What’s Deno, and how is it different from Node.js?

What’s Deno, and how is it different from Node.js?
Ryan Dahl, creator of Node.js, has spent the last year and a half working on Deno, a new runtime for JavaScript that is supposed to fix all the inherent problems of Node.

Don’t get me wrong, Node is a great server-side JavaScript runtime in its own right, mostly due to its vast ecosystem and the usage of JavaScript. However, Dahl admits there are a few things he should have thought about more — security, modules, and dependencies, to name a few.

In his defense, it’s not like he could envision how much the platform would grow in such a short period of time. Also, back in 2009, JavaScript was still this weird little language that everyone made fun of, and many of its features weren’t there yet.

What is Deno, and what are its main features?

Deno is a secure Typescript runtime built on V8, the Google runtime engine for JavaScript.

It was built with:

So let’s see what features Deno offers.

Security (permissions)

Among the most important of Deno’s features is its focus on security.

As opposed to Node, Deno by default executes the code in a sandbox, which means that runtime has no access to:

Let’s take a look at how the permission system works.

(async () => {
 const encoder = new TextEncoder();
 const data = encoder.encode('Hello world\n');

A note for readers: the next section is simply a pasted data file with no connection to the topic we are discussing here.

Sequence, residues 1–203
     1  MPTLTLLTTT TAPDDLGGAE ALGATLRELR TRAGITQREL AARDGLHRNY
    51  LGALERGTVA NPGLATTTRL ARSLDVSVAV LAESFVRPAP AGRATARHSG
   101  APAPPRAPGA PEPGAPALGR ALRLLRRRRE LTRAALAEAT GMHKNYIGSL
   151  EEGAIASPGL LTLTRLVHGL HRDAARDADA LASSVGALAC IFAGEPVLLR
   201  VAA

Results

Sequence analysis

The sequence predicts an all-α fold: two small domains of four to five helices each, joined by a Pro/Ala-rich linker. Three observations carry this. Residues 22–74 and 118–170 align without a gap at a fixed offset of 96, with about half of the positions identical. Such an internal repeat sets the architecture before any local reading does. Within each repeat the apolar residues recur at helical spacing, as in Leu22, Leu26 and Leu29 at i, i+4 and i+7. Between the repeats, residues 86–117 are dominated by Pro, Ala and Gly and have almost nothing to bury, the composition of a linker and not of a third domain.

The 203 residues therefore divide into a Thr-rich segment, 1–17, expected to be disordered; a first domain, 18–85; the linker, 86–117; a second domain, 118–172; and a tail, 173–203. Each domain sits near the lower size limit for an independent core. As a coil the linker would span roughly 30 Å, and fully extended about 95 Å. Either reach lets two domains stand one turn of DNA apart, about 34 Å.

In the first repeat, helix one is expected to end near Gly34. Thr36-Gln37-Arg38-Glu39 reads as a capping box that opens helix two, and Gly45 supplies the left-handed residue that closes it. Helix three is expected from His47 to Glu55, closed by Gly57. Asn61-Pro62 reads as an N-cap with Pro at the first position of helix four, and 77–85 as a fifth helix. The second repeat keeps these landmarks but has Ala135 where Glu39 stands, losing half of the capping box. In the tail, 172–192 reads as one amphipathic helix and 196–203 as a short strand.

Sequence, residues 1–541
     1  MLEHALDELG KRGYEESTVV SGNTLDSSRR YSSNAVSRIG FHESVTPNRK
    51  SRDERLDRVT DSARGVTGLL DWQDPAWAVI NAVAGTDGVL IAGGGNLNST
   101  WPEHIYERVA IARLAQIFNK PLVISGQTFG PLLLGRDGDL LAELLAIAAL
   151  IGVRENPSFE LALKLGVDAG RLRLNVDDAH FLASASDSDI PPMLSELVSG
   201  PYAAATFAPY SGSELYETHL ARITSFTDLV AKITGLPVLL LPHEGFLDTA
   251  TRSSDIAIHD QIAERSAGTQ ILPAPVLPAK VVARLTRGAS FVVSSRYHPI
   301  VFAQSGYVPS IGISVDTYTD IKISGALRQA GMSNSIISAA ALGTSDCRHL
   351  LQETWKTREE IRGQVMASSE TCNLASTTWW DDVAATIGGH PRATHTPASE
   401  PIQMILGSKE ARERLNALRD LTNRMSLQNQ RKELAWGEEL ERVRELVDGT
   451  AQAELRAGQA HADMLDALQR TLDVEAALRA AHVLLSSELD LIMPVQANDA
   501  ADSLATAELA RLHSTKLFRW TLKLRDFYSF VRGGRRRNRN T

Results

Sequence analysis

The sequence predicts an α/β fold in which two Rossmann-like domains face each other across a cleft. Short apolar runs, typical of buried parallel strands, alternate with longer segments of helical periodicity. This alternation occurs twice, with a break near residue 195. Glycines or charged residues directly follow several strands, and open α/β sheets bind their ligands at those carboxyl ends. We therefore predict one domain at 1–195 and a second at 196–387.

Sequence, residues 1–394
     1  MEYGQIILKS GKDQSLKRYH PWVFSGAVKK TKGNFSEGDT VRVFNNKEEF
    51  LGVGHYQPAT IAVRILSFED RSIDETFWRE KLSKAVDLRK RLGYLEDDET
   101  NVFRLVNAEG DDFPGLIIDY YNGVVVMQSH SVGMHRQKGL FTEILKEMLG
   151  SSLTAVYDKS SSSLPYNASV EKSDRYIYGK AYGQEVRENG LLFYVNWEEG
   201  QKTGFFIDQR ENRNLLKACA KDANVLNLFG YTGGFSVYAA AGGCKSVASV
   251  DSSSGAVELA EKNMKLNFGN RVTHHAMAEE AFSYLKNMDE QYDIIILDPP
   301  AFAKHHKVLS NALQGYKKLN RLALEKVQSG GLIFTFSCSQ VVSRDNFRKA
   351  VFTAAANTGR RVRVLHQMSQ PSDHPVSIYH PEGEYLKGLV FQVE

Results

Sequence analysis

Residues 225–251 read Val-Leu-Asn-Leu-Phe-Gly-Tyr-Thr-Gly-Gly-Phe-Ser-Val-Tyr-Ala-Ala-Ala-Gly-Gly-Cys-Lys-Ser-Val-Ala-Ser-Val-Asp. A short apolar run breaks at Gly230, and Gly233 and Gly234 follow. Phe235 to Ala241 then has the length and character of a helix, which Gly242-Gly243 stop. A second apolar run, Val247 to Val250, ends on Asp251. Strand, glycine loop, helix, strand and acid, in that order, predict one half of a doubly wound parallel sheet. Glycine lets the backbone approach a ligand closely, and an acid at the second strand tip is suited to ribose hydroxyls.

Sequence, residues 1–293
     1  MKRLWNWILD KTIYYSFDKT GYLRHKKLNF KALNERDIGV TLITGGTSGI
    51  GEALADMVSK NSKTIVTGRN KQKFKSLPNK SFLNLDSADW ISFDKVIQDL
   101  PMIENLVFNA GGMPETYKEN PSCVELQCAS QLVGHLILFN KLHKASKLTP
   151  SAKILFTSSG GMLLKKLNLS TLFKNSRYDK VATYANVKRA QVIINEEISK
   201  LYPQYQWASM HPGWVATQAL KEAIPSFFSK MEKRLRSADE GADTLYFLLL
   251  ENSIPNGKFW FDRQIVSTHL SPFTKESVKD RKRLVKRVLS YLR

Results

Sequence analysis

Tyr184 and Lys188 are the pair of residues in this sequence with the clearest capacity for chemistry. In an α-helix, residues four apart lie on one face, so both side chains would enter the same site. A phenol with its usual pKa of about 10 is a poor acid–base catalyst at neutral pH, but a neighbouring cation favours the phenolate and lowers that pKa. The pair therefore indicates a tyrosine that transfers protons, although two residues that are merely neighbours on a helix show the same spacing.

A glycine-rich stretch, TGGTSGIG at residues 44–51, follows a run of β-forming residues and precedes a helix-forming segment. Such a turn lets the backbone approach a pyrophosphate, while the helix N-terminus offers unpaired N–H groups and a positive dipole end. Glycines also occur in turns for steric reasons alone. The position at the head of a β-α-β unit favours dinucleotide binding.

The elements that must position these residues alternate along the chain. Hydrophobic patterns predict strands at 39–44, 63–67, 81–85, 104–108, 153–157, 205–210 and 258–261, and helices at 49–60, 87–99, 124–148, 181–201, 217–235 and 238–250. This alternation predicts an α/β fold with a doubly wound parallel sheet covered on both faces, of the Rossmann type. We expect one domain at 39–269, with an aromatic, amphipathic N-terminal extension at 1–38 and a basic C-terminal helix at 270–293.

await Deno.writeFile('hello.txt', data);
 await Deno.writeFile('hello2.txt', data);
})();

The script creates two text files called hello.txt and hello2.txt with a Hello world message within. The code is being executed inside a sandbox, so it has no access to the file system.

Also note that we are using the Deno namespace instead of the fs module, as we would in Node. The Deno namespace provides many fundamental helper functions. By using the namespace, we are losing the browser compatibility, which will be discussed later on.

When we run it by executing:

deno run write-hello.ts

We are prompted with the following:

Deno requests write access to "/Users/user/folder/hello.txt". Grant? [a/y/n/d (a = allow always, y = allow once, n = deny once, d = deny always)]

We are actually prompted twice since each call from the sandbox must ask for permission. Of course if we chose the allow always option, we would only get asked once.

If we choose the deny option, the PermissionDenied error will be thrown, and the process will be terminated since we don’t have any error-handling logic.

If we execute the script with the following command:

deno run --allow-write write-hello.ts

There are no prompts and both files are created.

Aside from the --allow-write flag for the file system, there are also --allow-net, --allow-env, and --allow-run flags to enable network requests, access the environment, and for running subprocesses, respectively.

Modules

Deno, just like browsers, loads modules by URLs. Many people got confused at first when they saw an import statement with a URL on the server side, but it actually makes sense — just bear with me:

import { assertEquals } from "https://deno.land/std/testing/asserts.ts";

What’s the big deal with importing packages by their URLs, you may ask? The answer is simple: by using URLs, Deno packages can be distributed without a centralized registry such as npm, which recently has had a lot of problems.

By importing code via URL, we make it possible for package creators to host their code wherever they see fit — decentralization at its finest. No more package.json and node_modules.